40 Pages Posted: 10 May 2001 Last revised: 2 May 2017
Date Written: 2001
Executive pay arrangements in Britain's publicly quoted companies have been subjected to much criticism in recent years. Proposals that shareholders should have a greater direct say over managerial remuneration have been a byproduct of the concerns expressed. Debate on this point, however, has been largely speculative. This is because there is little evidence available in the UK indicating how shareholders would exercise any new powers they might be given. This paper addresses the evidentiary gap by drawing upon the experience in the United States, which offers much potentially valuable data.
In the United States, the two primary circumstances where shareholders vote on executive pay issues are where a stock option plan is put forward for approval and where a shareholder proposal has been made pursuant to US securities laws. Empirical studies reveal that American investors use the powers they have in a discerning fashion. At the same time, though, shareholder voting probably only operates as a potential check when pay arrangements deviate far from the norm. With respect to Britain, these findings imply that implementing the shareholder-oriented reforms that have been canvassed recently would fail to address fully the concerns raised by critics of executive pay.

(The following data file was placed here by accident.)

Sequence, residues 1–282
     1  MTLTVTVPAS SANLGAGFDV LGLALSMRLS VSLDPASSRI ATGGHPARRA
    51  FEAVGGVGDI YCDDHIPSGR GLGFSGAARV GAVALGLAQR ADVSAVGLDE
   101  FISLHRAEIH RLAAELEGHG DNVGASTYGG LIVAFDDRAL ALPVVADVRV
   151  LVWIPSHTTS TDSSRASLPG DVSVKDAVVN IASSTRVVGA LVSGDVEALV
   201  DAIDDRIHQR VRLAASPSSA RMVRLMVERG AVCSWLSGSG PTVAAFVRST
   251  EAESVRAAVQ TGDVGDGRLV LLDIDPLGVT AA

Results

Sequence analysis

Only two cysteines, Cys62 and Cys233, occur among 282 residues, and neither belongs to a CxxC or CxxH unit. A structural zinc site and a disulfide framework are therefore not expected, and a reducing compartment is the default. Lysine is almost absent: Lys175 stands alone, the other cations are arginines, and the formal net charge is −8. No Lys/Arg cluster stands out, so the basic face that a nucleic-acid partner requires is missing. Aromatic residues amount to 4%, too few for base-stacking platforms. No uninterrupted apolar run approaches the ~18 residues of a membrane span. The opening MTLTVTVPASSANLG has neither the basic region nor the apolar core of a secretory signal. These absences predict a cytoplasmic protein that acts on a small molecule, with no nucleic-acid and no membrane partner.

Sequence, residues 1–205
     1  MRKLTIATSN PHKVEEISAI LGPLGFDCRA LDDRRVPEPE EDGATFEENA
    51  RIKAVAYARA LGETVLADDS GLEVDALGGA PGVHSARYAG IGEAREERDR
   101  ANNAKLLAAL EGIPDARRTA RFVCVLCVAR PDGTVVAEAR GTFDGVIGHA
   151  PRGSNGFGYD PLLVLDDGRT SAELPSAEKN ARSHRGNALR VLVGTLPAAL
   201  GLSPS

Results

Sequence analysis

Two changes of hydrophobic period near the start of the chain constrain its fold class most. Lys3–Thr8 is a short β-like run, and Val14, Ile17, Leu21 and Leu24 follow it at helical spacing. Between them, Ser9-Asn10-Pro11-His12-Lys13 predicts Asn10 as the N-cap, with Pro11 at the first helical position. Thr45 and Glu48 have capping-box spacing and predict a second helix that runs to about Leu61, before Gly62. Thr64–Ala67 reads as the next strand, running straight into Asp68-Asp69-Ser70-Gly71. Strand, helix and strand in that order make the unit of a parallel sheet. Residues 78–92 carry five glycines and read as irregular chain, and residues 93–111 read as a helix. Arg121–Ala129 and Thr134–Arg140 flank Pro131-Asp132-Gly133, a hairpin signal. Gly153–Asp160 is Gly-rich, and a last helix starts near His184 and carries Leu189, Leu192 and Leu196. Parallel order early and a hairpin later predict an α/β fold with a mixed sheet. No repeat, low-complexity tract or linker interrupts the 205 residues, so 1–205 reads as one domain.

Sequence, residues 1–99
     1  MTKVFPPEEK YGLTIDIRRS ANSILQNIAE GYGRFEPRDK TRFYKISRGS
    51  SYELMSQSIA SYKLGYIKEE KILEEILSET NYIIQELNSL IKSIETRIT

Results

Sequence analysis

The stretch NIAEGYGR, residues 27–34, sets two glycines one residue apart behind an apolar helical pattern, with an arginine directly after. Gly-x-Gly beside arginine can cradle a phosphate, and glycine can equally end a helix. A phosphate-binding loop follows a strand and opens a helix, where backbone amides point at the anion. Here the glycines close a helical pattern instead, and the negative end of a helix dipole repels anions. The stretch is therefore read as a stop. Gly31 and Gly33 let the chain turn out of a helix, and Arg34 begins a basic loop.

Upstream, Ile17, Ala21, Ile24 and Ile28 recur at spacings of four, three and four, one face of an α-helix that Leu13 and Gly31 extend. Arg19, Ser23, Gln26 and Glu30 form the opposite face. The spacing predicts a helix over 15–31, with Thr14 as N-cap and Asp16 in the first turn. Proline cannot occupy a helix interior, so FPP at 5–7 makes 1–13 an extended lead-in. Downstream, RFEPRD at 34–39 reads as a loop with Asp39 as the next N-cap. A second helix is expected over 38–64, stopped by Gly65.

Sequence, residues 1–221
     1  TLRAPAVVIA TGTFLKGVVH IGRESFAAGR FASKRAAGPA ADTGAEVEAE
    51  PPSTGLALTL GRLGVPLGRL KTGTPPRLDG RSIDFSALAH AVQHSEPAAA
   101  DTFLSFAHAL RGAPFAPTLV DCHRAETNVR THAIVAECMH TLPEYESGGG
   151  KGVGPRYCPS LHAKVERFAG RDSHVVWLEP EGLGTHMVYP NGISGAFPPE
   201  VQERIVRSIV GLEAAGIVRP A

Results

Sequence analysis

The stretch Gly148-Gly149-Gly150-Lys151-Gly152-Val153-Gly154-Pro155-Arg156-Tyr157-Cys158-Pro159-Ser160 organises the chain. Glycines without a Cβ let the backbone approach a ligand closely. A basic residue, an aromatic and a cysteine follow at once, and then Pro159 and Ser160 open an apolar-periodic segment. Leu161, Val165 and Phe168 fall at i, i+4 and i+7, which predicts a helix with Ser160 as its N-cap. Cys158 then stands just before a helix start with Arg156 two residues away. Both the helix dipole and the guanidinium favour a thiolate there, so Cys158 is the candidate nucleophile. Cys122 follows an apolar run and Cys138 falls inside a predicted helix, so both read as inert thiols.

JEL Classification: K
Suggested Citation: Suggested Citation
Cheffins, Brian R. and Thomas, Randall S., Should Shareholders Have a Greater Say Over Executive Pay?: Learning from the Us Experience (2001). Vanderbilt Law, Joe C. Davis Research Paper No. 01-6. Available at SSRN: https://ssrn.com/abstract=268992 or http://dx.doi.org/10.2139/ssrn.268992
By Kevin Murphy